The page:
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'Life as a Sister'--A Unique Website Goes Live

4/16/2014 - 1:21 PM PST

Catholic PRWire

BALTIMORE, MD (April 16, 2014) - The Sisters of Bon Secours, an international religious congregation of Catholic sisters based in Marriottsville, Md., announce the launch of a unique website, "Imagine a Sister's Life" allows single Catholic women to imagine what it's like to be a nun and discover if this could be their life's call.

Bon Secours vocation director, Sister Pat Dowling, CBS, notes, "At a time when women can be anything they desire, we want them to know that religious life as a sister is an exciting option! Our site invites women from all walks of life, who are passionate about their faith, and who wish to use their unique gifts in helping others to explore, ask questions, imagine, and listen to the voice of God in their own hearts."

"Imagine a Sister's Life" speaks to women in a relational way while also using interactive tools to visualize, research, and inquire about a way of life as a sister. Sisters narrate various aspects of their life through high quality videos. In addition to the standard blog and chat room found on sites, a wide array of multimedia tools allow women to journey at their own pace with amazing religious women, while helping them to discover their own call in life.

The website, built especially for smartphones, provides: resources to understand a vocation; questions to ask throughout the process; a way to explore how to use professional talents in ministry; an introduction to the various ways religious communities live out their call; and suggestions for prayer, spiritual direction, self-exploration, and more. The Sisters of Bon Secours will also add other features to assist visitors, based on feedback.

These are exciting times in which Pope Francis is promoting a mission to the world that religious sisters have fulfilled since their inception. There are many women who desire to respond in faith with radical commitment to the Gospel, and who want to share Christ's message of healing, compassion, and liberation with those in need. "Imagine a Sister's Life" can help them imagine what God's dream looks like for them!

The Sisters of Bon Secours are delighted to share this web resource with women exploring their path in life, and look to our many partners in ministry to help spread the word. We encourage you to check out, include a link on your own website and share it with others through social media, directories, and blogs.

For more information about "Imagine a Sister's Life", other resources, or to schedule a call with Sister Pat, please contact us.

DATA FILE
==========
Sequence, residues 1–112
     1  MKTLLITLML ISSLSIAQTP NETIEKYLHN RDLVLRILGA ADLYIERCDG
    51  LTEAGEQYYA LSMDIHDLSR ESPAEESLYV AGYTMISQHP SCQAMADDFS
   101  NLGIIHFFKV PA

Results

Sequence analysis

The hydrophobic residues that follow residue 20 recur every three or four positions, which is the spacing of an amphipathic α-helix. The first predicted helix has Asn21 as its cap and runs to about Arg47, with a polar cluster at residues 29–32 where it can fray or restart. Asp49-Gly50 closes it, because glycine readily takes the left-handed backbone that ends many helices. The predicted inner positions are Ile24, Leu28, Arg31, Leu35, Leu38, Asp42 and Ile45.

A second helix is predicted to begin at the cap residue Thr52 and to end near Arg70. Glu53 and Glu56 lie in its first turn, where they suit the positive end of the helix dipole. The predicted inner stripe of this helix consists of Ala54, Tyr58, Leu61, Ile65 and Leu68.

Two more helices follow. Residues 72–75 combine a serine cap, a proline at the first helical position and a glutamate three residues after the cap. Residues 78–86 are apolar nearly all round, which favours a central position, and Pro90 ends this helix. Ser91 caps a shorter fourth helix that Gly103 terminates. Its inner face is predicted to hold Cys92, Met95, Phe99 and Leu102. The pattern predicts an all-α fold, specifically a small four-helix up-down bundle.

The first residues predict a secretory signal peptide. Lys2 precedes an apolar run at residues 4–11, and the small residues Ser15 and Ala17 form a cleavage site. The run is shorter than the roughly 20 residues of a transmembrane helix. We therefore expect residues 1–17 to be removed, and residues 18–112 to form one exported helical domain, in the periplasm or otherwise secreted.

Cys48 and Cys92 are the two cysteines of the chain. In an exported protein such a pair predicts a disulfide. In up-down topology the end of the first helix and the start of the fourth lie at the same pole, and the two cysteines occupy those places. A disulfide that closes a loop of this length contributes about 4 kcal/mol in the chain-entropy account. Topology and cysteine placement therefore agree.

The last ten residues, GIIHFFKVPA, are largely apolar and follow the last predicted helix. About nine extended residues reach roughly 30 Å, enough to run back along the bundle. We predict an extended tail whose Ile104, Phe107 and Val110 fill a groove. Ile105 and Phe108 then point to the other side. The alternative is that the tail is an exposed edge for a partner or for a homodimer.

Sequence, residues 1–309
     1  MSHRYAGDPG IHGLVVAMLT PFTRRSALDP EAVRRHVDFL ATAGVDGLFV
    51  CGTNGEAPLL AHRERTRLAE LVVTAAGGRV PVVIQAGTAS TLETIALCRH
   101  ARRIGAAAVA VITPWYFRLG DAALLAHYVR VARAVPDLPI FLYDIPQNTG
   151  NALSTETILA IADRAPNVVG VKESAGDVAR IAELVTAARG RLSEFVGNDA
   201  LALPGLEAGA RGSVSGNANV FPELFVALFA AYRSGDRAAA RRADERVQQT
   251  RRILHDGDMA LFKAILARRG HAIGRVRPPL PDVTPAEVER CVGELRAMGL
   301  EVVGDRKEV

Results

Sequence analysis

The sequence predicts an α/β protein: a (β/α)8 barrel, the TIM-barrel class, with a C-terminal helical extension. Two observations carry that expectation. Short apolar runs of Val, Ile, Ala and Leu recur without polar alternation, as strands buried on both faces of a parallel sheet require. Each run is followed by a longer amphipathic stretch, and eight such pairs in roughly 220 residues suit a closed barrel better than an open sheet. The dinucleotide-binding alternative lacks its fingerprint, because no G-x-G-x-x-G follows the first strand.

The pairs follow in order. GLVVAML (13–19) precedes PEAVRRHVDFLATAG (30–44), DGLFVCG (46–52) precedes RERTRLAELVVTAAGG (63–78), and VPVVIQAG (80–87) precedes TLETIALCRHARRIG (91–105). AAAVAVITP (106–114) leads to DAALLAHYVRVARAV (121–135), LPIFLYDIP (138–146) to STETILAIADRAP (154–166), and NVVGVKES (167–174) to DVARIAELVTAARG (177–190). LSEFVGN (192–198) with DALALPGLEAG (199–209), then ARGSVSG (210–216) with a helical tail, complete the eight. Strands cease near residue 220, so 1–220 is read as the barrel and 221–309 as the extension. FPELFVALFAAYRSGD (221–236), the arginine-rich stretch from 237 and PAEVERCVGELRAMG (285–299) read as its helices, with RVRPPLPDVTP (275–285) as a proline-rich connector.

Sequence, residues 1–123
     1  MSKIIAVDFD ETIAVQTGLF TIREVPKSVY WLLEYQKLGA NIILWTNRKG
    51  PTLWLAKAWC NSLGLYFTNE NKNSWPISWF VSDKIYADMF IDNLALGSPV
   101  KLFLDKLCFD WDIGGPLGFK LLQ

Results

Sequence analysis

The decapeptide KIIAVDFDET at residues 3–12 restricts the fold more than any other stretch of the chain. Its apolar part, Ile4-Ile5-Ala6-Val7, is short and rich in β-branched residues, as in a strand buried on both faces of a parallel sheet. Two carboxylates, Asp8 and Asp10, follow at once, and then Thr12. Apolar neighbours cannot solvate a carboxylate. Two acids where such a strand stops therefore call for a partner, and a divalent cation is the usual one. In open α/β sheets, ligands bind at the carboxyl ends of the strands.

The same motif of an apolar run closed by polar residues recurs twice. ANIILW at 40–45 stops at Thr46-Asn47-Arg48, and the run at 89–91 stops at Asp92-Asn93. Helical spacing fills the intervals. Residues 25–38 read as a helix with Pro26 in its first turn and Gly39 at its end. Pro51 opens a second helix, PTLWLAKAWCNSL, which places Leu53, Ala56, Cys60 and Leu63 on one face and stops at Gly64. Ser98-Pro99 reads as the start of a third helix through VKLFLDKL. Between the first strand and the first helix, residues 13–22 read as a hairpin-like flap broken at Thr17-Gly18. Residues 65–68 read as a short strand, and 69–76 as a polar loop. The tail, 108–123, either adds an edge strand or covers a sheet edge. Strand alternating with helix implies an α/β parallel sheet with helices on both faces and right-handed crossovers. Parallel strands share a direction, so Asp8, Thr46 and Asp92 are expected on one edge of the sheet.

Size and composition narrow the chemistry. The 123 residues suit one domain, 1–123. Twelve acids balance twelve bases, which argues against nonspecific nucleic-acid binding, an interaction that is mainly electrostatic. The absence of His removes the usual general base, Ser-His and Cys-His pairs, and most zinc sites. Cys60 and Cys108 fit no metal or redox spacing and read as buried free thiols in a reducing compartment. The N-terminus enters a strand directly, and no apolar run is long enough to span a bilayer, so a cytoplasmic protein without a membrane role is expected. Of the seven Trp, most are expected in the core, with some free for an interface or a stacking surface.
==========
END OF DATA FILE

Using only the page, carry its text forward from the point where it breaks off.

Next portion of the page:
Sisters of Bon Secours  MD, 21104 US
Jennifer Murphy - Communications Associate,  410-442-3147


women religious, nuns, sisters, Catholic, vocations, healthcare, education, social justice, women


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1 - 2 of 2 Comments

  1. Patty
    1 year ago

    I agree with Elizabeth--looking at the site you cannot tell it is about the religious life. It seems like they were afraid of mentioning the Catholic aspects, lest they OFFEND?? It is a very weird presentation, and some habit wearing seemed called for at the very least, not just a bunch of happy faces, happy lay faces, sans prayer, church or convent. No, they are doing such a "soft sell" it is silly. These people could be looking for a job, not seeking a a
    vocation. That was my impression.

  2. Elizabeth
    1 year ago

    I am looking at their website, this is a nice effort but it doesn't visually show pictures of sisters, everyone on the site is in secular clothing. Also does not at all stress ecclesial aspects of their life, and I don't see where it even mentions Holy Mass or the Liturgy of the Hours or devotion to Jesus in the Eucharist. Doesn't answer the questions the typical Catholic vocation candidate would inevitably have in our time about whether these sisters are in a faithful and obedient relationship with the Catholic Church, would the formation be orthodox or is a faithful Catholic going to be swimming against the current, what is their daily prayer life together, and could they could count on being able to live in community in the future (the site acknowledges many of their sisters now live alone, these lives basically resemble other lay people for instance in secular institute). And would a young woman joining be at risk of being one of the last remaining members of the community making painful and weighty decisions in the event that it did not begin to grow and revitalize?

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